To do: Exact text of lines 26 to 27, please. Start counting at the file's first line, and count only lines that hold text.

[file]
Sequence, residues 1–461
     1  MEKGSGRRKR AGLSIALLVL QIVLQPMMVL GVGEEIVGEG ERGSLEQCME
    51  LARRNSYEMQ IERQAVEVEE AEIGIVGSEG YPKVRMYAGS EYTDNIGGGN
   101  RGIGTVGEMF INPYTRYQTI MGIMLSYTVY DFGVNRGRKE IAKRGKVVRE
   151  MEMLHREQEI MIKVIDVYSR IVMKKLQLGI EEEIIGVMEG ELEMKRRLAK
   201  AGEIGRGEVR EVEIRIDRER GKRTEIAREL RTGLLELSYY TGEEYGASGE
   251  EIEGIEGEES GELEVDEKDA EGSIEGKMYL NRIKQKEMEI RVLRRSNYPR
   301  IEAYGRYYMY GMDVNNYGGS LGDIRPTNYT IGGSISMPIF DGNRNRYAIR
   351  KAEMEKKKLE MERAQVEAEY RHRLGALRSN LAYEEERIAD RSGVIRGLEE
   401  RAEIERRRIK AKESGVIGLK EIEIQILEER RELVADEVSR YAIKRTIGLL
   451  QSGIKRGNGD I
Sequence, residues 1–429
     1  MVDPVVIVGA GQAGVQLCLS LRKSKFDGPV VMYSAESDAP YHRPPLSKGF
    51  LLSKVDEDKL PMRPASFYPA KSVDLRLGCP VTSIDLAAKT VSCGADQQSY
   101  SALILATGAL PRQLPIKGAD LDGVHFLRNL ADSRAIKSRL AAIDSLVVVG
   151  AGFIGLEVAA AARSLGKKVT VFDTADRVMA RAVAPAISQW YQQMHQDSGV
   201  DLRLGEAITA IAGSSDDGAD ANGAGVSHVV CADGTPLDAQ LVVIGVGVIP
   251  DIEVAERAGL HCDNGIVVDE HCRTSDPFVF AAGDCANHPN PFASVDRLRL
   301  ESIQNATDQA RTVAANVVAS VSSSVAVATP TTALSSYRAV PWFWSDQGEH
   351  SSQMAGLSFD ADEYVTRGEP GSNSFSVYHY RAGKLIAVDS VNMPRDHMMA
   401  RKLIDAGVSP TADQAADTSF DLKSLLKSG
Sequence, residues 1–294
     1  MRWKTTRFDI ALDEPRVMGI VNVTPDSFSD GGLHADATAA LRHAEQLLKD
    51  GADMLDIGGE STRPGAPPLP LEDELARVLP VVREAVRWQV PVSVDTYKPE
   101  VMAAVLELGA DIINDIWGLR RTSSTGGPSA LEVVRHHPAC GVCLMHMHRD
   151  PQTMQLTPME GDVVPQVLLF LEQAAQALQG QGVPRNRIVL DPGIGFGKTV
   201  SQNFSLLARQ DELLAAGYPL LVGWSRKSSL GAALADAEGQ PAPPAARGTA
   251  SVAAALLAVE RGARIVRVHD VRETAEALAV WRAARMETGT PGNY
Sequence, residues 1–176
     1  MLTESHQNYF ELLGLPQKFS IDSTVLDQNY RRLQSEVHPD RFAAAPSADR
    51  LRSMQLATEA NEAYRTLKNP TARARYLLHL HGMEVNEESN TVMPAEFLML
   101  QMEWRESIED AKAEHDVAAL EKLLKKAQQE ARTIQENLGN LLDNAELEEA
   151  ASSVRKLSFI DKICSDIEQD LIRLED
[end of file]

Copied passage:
   151  PQTMQLTPME GDVVPQVLLF LEQAAQALQG QGVPRNRIVL DPGIGFGKTV
   201  SQNFSLLARQ DELLAAGYPL LVGWSRKSSL GAALADAEGQ PAPPAARGTA